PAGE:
Inside the soil lab: what happens to the soil collected by Citizen Scientists?
At the end of 2019, Earthwatch, WaterAid and WWF celebrated eight years of the HSBC Water Programme. The partnership aimed to provide and protect water sources and the ecosystems they support, inform and educate communities in need, and enable people to prosper across the world.
In the latter phase of this programme, Earthwatch engaged over 1,800 employees, globally, through the Sustainability Training Programme (STP) – training them to become citizen scientists, collecting data to support our research into Climate-Proof Cities. In the UK and France, research was conducted to better understand the relationship between urban tree management and the ecosystem services trees provide. To do this, the citizen scientists collected and tested soil samples in the field, and sent further samples to labs for more robust testing.
Angie Elwin explains how Vicky Struthers and Nerea Ferrando Jorge, researchers from the University of Reading, use the soil samples collected by HSBC citizen scientists and exactly what happens to the soil in the lab.
Image: Researchers Vicky Struthers (left) and Nerea Ferrando Jorge (right) at the University of Reading who are analysing the soil samples collected on the HSBC Sustainability Training Programme.
Inside the soil lab: what happened to the soil collected by HSBC Citizen Scientists?
Between 2018 and 2019, employees from HSBC collected around 1,200 soil samples, around 800 bags of soil, during 16 events in Paris (Les Fontaines), London (Kew Gardens) and Birmingham (Cannon Hill Park). HSBC Citizen Scientists were trained through the STP, carried out as part of Earthwatch’s Climate Proof Cities programme in partnership with Imperial College London, University of Reading, the French National Institute for Agricultural Research (INRA) and the French Centre for Scientific Research (CNRS). The soil data gathered is being used to evaluate the impact of litter management (with and without litter removal) below and outside the canopy of Lime trees (Tilia europaea) on soil properties that affect carbon storage and infiltration to reduce flood risk.
So, what happened to these bags of soil after the field event?
Well, half were sent to soil scientists at the University of Reading to be analysed for their chemical and physical properties. In this blog, you'll find out about the journey each soil sample went on in the laboratory, and how this shaped our knowledge and allowed us to share it with the wider research community.
You filled those bags with soil… what happened next?
Images: Soil samples collected by Citizen Scientists on the HSBC Sustainability Training Programme.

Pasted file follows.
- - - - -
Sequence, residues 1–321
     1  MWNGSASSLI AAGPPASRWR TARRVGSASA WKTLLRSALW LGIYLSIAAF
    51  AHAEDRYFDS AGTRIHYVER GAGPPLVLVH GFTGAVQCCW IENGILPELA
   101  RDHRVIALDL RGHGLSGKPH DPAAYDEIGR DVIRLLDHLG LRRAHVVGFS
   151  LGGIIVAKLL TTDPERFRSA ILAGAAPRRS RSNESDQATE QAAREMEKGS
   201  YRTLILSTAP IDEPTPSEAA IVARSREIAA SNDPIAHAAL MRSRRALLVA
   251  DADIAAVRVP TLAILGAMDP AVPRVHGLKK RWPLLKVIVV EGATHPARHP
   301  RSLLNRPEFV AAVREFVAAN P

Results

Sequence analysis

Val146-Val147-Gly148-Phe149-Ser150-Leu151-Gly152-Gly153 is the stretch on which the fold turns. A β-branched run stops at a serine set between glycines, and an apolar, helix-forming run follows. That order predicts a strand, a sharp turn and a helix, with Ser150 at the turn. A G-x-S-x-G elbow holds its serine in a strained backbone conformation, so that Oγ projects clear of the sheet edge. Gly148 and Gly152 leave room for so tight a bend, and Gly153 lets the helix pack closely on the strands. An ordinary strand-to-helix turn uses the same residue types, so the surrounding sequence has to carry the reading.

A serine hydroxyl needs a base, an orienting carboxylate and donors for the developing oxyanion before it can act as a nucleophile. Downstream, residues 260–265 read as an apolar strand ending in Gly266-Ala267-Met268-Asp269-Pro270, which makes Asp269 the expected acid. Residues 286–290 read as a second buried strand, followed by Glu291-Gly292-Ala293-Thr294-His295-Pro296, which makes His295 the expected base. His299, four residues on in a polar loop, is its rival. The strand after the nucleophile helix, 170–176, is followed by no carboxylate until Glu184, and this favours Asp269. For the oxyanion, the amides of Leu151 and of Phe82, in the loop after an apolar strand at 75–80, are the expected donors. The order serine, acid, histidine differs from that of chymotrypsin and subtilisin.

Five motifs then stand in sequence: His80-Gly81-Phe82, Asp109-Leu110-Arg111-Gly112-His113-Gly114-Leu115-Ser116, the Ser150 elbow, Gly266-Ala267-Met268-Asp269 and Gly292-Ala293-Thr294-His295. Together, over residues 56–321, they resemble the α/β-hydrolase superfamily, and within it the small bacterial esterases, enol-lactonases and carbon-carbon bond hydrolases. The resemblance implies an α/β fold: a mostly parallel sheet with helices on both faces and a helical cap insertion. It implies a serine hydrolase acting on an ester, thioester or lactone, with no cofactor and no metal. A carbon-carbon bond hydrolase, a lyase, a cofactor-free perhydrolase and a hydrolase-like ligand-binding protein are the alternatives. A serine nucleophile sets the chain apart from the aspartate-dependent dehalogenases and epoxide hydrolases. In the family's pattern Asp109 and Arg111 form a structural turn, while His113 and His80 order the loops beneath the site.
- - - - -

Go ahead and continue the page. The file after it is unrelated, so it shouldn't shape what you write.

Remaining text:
Over the course of the STP, around 400 bags of soil, each with their unique ID, were sent to two PhD researchers, us, Nerea Ferrando Jorge and Vicky Struthers, at the Department of Geography and Environment Science, University of Reading.
When a new batch of soil samples arrives we get to work preparing the soils for analysis. This involves weighing each sample and sieving the soil to remove any debris: such as stones, roots and twigs. Once the soils are prepared, a series of tests are carried out to determine the physical and chemical characteristics of the different soil samples. Measurements include aggregate stability, soil pH, total organic carbon (TOC) and soil organic matter (SOM) content, water extractable carbon (C) and nitrogen (N), total nitrogen content, the ratio of carbon to nitrogen in the soils (C:N), spectral reflectance, soil colour and soil texture. These measurements help us to understand if litter removal is affecting soil carbon storage and also if soil structure is affected by soil organic matter. Good structure helps water infiltrate into the soil.
How are these soil measurements done?
The organic matter content in the soil samples can be measured using the soil ‘Loss on Ignition’ (LOI) method. This is based on weight change associated with high-temperature oxidation (removal) of organic matter. For this analysis, around 10g of each sieved soil sample is placed in labelled porcelain crucibles and oven-dried for 24 hours at 105ºC, it is then cooled in a desiccator and reweighed. The oven-dried samples are then ignited in a muffle furnace for 12 hours at 500ºC and reweighed. The percentage of organic matter in the soil sample can then be estimated based on the weight change of the sample. This is done by taking the dry weight before combustion minus the dry weight after combustion and then dividing the value by the dry weight before combustion. Organic carbon in the soils can be estimated based on the assumption that organic matter contains 58% carbon. However, we do measure the total carbon content of a sub-sample of these soils, to create a unique calibration for these field sites, ensuring the most accurate results possible!
Image: Crucibles of soil in a desiccator.